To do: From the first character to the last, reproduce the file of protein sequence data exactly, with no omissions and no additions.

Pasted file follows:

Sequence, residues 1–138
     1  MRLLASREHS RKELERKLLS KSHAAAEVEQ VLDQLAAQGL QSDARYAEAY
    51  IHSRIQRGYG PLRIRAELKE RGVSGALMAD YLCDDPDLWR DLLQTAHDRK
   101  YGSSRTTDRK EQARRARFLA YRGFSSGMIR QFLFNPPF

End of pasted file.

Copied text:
Sequence, residues 1–138
     1  MRLLASREHS RKELERKLLS KSHAAAEVEQ VLDQLAAQGL QSDARYAEAY
    51  IHSRIQRGYG PLRIRAELKE RGVSGALMAD YLCDDPDLWR DLLQTAHDRK
   101  YGSSRTTDRK EQARRARFLA YRGFSSGMIR QFLFNPPF